Michael T. Hallworth
Nearly 14,000 different species have been observed in Vermont, and with new ones being reported almost daily this time of year, there are likely many more out there. Have you ever wondered how many species live in Vermont, and how the state’s biodiversity will change in the future? The answers to these questions allow us to better understand the world around us, and can also help guide conservation decisions so that future generations can enjoy Vermont’s biodiversity as we have.
Collecting the data needed to address these questions requires expertise….and many years of effort. Imagine the knowledge and time needed to identify every single living thing in your backyard, favorite park, or even just the species you encounter in a single day. Now, imagine doing that for the entire state–that’s a very big backyard! Clearly, it’s more than any one person, or small team of people, could possibly do alone. It requires a large community, and Vermonters have risen to the challenge. The Vermont Atlas of Life, a community science project founded by VCE, began in 2013 with the goal to answer these questions. Since the project’s inception, more than 6.7 million observations from over 390,000 locations across Vermont have been submitted by nearly 20,000 people.
All of these observations allow us to begin answering some of those fundamental questions we asked earlier. Here, I’ll focus on only a portion of Vermont’s biodiversity – plants. Why? They’re easier to monitor because they don’t move around, and they’re incredibly important to all of life in Vermont. Community scientist observations, combined with museum specimens and other data, show that 3,378 plant species have been observed in Vermont (Figure 1). This number is still fluid, and plant species never before seen in Vermont are being discovered, or rediscovered all the time.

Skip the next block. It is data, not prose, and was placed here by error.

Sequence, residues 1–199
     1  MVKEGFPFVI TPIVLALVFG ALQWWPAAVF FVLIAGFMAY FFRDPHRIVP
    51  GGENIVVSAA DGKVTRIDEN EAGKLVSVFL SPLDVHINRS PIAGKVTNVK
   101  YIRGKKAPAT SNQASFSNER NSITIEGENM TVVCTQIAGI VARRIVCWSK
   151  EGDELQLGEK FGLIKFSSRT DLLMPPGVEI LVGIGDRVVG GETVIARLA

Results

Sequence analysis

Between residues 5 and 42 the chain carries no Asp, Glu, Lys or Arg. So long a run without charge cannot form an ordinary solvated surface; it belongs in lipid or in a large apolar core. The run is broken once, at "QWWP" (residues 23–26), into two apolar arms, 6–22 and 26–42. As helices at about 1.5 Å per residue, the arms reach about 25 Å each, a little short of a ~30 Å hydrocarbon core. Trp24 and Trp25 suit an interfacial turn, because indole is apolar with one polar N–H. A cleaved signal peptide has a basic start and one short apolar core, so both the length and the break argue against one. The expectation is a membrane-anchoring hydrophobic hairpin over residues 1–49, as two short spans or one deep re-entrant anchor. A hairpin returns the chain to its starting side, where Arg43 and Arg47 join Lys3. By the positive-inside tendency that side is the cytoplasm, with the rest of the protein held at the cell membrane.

Plants play a fundamental role in our ecosystems, and they provide food, habitat, and shelter for many other species. Perhaps unsurprisingly, plant distributions and phenology (when they grow and drop their leaves) are shifting because of climate change. Oaks (Quercus) are a prime example of trees that exist in Vermont, but aren’t really a major part of the Northern Forest tree community that is found in most of the state. Oaks produce acorns that sustain many small mammals through long winters, and also support a disproportionate number of butterfly and moth species. Using the data submitted to Vermont Atas of Life, we predicted where Oak species occur within Vermont today. Then, we modeled where they may occur in the future, based on three carbon emission scenarios (low, moderate, and high; Figure 2). The conditions in Vermont will allow several additional Oak species to occur here as the climate changes. Depending on the amount of carbon released into the atmosphere, our models predict the number of Oak species in Vermont could possibly double within the century.
If you enjoyed this, you will love Vermont Center for Ecostudies upcoming State Of Biodiversity report due out later this year. The State Of Biodiversity report is focused on addressing several outstanding questions such as how many species occur in the state, and where are they in addition to providing the current state of biodiversity in Vermont.